Regularity effect in prospective memory during aging


Regularity effect in prospective memory during aging

Geoffrey Blondelle, MSc, Mathieu Hainselin, MSc, PhD*, Yannick Gounden, MSc, PhD, Laurent Heurley, PhD, Hélène Voisin, MSc, Olga Megalakaki, PhD, Estelle Bressous, MSc and Véronique Quaglino, MSc, PhD

CRP-CPO, EA 7273, Université de Picardie Jules Verne, Amiens, France


Background: Regularity effect can affect performance in prospective memory (PM), but little is known on the cognitive processes linked to this effect. Moreover, its impacts with regard to aging remain unknown. To our knowledge, this study is the first to examine regularity effect in PM in a lifespan perspective, with a sample of young, intermediate, and older adults.

Objective and design: Our study examined the regularity effect in PM in three groups of participants: 28 young adults (18–30), 16 intermediate adults (40–55), and 25 older adults (65–80). The task, adapted from the Virtual Week, was designed to manipulate the regularity of the various activities of daily life that were to be recalled (regular repeated activities vs. irregular non-repeated activities). We examine the role of several cognitive functions including certain dimensions of executive functions (planning, inhibition, shifting, and binding), short-term memory, and retrospective episodic memory to identify those involved in PM, according to regularity and age.

Results: A mixed-design ANOVA showed a main effect of task regularity and an interaction between age and regularity: an age-related difference in PM performances was found for irregular activities (older < young), but not for regular activities. All participants recalled more regular activities than irregular ones with no age effect. It appeared that recalling of regular activities only involved planning for both intermediate and older adults, while recalling of irregular ones were linked to planning, inhibition, short-term memory, binding, and retrospective episodic memory.

Conclusion: Taken together, our data suggest that planning capacities seem to play a major role in remembering to perform intended actions with advancing age. Furthermore, the age-PM-paradox may be attenuated when the experimental design is adapted by implementing a familiar context through the use of activities of daily living. The clinical implications of regularity effect are discussed.

Keywords: regularity effect; age; lifespan; future intentions; episodic memory; planning; binding; spontaneous retrieval; multiprocess theory; clinical practice

Citation: Socioaffective Neuroscience & Psychology 2016, 6: 31238 -

Copyright: © 2016 Geoffrey Blondelle et al. This is an Open Access article distributed under the terms of the Creative Commons Attribution 4.0 International License, allowing third parties to copy and redistribute the material in any medium or format and to remix, transform, and build upon the material for any purpose, even commercially, provided the original work is properly cited and states its license.

Received: 4 May 2016; Revised: 27 July 2016; Accepted: 19 September 2016; Published: 21 October 2016

Competing interests and funding: The authors have not received any funding or benefits from industry or elsewhere to conduct this study.

*Correspondence to: Mathieu Hainselin, CRP-CPO, EA 7273, Université de Picardie Jules Verne, Amiens, France, Email:

This paper is part of the Special Issue: Prospective Memory. More papers from this issue can be found at


Prospective memory (PM) is to be distinguished from retrospective memory (i.e. the ability to remember past information). It refers to memory for actions to be performed in the future (Einstein & McDaniel, 1990). This ability is essential in everyday life to manage activities and is of upmost importance in maintaining independence and autonomy in old age. Classically, two components required to correctly perform delayed intentions have been identified: a prospective and a retrospective component. Prospective component refers to the remembering of an intended action to be performed at a specific time in the future (e.g. to take his/her insulin at 8 p.m.), whereas the retrospective component refers to the remembering of what needs to be done (e.g. to take his/her insulin). According to the nature of retrieval, Einstein and McDaniel (1990) have introduced time-based PM tasks, for which intention execution is auto-initiated by the person after a specific time interval (e.g. at 8 p.m.), and event-based tasks, for which intention execution is triggered by the appearance of an external event (e.g. a beeper sounds to remember to take insulin at 8 p.m.). PM seems to rely on more internal control and self-initiated processes than retrospective memory (Craik, 1986).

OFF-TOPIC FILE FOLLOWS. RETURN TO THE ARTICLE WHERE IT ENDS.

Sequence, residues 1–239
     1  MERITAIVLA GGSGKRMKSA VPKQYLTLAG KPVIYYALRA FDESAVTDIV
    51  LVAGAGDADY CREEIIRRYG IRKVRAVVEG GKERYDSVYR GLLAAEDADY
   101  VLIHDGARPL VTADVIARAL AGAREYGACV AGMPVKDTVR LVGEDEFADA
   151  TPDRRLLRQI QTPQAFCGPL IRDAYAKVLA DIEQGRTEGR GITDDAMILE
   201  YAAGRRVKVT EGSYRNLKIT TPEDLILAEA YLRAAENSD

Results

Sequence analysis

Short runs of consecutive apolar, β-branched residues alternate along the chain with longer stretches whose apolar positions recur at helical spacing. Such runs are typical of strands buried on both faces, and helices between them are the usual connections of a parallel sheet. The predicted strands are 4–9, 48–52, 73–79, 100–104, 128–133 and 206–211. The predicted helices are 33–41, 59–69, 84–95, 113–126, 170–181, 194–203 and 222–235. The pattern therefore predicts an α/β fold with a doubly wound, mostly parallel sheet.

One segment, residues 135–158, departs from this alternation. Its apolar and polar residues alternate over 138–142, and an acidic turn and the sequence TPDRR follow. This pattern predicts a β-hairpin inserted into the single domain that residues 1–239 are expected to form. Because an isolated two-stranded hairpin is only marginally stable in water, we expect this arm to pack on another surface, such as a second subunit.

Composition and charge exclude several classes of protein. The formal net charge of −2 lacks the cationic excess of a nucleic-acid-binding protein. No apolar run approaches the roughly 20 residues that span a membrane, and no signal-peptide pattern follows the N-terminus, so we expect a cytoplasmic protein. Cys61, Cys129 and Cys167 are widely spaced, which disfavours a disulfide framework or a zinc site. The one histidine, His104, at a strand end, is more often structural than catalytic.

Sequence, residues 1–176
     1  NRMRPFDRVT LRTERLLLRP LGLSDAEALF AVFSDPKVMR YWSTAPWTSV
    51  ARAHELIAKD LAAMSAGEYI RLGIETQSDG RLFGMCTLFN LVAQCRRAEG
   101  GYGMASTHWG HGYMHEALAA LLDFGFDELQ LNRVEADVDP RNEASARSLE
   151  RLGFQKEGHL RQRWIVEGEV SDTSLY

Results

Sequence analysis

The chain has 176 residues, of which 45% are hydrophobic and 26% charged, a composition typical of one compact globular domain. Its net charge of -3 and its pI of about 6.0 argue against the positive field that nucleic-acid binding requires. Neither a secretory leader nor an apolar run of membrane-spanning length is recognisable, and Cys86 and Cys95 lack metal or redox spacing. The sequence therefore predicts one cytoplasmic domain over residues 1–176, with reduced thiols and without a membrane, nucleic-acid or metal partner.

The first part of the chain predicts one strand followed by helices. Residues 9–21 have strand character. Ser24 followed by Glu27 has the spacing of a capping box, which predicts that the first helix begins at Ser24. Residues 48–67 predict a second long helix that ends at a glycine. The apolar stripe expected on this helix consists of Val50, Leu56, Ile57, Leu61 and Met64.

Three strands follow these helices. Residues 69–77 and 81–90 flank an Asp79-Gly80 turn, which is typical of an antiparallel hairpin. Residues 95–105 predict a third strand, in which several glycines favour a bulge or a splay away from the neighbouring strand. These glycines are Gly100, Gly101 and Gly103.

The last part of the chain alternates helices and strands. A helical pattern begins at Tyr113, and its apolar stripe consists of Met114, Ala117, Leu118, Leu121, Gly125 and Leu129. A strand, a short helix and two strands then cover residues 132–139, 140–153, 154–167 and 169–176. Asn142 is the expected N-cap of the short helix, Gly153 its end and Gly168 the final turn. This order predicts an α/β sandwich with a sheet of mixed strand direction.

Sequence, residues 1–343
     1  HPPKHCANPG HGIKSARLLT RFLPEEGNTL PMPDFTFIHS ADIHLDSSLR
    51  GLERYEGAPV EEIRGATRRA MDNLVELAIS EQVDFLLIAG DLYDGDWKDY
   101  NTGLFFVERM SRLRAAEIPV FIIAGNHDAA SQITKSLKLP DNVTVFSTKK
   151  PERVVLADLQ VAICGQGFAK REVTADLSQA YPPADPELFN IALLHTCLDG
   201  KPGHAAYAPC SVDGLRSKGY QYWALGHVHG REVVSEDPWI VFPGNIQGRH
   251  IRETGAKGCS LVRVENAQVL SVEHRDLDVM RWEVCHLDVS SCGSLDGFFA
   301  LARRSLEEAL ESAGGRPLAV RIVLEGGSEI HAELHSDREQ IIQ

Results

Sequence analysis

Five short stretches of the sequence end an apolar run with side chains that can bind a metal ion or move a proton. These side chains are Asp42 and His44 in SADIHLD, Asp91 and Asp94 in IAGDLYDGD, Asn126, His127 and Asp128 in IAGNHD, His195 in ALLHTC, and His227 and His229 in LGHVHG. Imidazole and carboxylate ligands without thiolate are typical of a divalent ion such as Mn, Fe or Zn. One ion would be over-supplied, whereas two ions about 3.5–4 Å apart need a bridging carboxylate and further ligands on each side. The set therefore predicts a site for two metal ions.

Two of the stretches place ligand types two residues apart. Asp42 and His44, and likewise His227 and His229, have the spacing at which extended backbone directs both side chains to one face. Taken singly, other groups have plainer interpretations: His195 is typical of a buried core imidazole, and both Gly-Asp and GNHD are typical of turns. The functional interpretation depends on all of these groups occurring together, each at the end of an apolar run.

PM: cognitive processes and tasks

McDaniel and Einstein (2000) suggest that executive resources need to be periodically allocated to retrieve intended actions in memory. The three main dimensions of executive functions (inhibition, shifting and updating; see Miyake et al., 2000) seems to be linked to PM performance (Schnitzspahn, Stahl, Zeintl, Kaller, & Kliegel, 2013). It is also applies to binding in working memory (Blondelle et al., 2015; Gonneaud et al., 2011; Hainselin et al., 2011), working memory (Cherry & LeCompte, 1999; West & Craik, 2001), processing speed (West & Craik, 2001; Zeintl, Kliegel, & Hofer, 2007), and metamemory (Meeks, Hicks, & Marsh, 2007; Meier, von Wartburg, Matter, Rothen, & Reber, 2011; Rummel, Kuhlmann, & Touron, 2013; Schnitzspahn, Zeintl, Jäger, & Kliegel, 2011; Smith, Souchay, & Moulin, 2011).

PM is assessed with two types of situations classically opposed in the literature: laboratory PM tasks and naturalistic ones. Laboratory PM tasks are computed-based, and participants need to perform a dual-task paradigm, such as standard PM task setting with a lexical-decision task (i.e. ongoing task) and a prospective task in which participants need to press a key when a word containing a specific syllable appears. Naturalistic PM tasks are performed in an ecological context, for instance during everyday life tasks (e.g. remember to call the experimenter at a specific time).